Clear-Air Turbulence (often abbreviated CAT and sometimes colloquially referred to as "air pockets") is the erratic movement of air masses in the absence of any visual cues (such as clouds).
turbulence - 1. Irregular fluctuations occurring in fluid motions. It is characteristic of turbulence that the fluctuations occur in all three velocity components and are unpredictable in detail; however, ...
TURBULENCE The irregular and instantaneous motions of air which is made up of a number of small of eddies that travel in the general air current. Atmospheric turbulence is caused by random fluctuations in the wind flow.
A state of fluid flow in which the instantaneous velocities exhibit irregular and apparently random fluctuations. Theses fluctuations are capable of transporting atmospheric properties.
Turkey tower ...
TURBULENCE: Disrupted flow in the atmosphere that produces gusts and eddies.
UKMET: United Kingdom forecast model.
Irregular motion of the atmosphere, as indicated by gusts and lulls in the wind.
Turkey Tower ...
(Turbulent Flow) Random and continuously changing air motion which are superposed on the mean motion of the air.
Turbulence Any irregular or disturbed flow in the atmosphere that produces gusts and eddies.
Twilight The time immediately before sunrise and after sunset when the sky remain illuminated.
Turbulence - Irregular, apparently random motions of a fluid such as air or water.
turbulence—In meteorology, any irregular or disturbed flow in the atmosphere.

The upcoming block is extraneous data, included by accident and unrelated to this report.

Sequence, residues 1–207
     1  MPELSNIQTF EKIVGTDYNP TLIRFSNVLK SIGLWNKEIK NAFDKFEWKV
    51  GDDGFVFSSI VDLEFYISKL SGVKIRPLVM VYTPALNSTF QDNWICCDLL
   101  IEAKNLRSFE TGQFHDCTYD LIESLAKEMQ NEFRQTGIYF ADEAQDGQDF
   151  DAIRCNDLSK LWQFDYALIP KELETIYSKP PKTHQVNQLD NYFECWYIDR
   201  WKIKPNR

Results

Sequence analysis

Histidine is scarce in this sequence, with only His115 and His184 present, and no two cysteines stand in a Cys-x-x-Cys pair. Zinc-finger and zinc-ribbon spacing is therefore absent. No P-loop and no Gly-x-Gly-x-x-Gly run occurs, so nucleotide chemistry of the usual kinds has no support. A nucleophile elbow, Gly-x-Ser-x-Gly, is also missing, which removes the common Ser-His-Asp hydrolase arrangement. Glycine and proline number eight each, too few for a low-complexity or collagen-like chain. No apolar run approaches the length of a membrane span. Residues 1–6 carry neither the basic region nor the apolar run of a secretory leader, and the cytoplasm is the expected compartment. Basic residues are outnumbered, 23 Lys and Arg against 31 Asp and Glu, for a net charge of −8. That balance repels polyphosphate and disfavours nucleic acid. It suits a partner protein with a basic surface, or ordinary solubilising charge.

TURBULENCE - Random swirling of the air felt as gusts and bumps in flight.
TWIST - See WASHOUT
TWO-AXIS CONTROL - A control system consisting of only rudder and elevator or weight-shift and rudder.
TURBULENCE - Aviation term for flight affected from flying through turbulent air. Often causes the aircraft to shake, but in extreme cases can upset (through out of control) and / or damage the aircraft.
CLEAR AIR TURBULENCE
Name given to turbulence that may occur in perfectly clear air without any visual in warning in the form of clouds.
Turbulence that is similar to Light Turbulence but of greater intensity. Changes in altitude and/or attitude occur but the aircraft remains in positive control at all times.
Clear air turbulence (CAT) Turbulence encountered by aircraft flying through cloudless skies. Thermals, wind shear, and jet streams can each be a factor in producing CAT.
A report of inflight weather by an aircraft pilot or crew member. A complete coded report includes the following information in this order: location and/or extent of reported weather phenomenon: type of aircraft (only with reports turbulence or ...
The vertical motion of the air, at times violent, which can cause the up-and-down movement of a plane.
The name given to hurricanes in the western North Pacific Ocean, west of the International Date Line.
2 Frictional turbulence
An airstream flowing over ground or water produces a turbulent layer, up to 500 feet deep in light winds or 3000 feet plus in strong winds.
When observed at high levels (i.e., in cirrus formations), they may indicate severe or extreme turbulence.
It is available for every elevation angle sampled, it provides a measure of the variability of the mean radial velocity estimates due to wind shear, turbulence, and/or the quality of the velocity samples.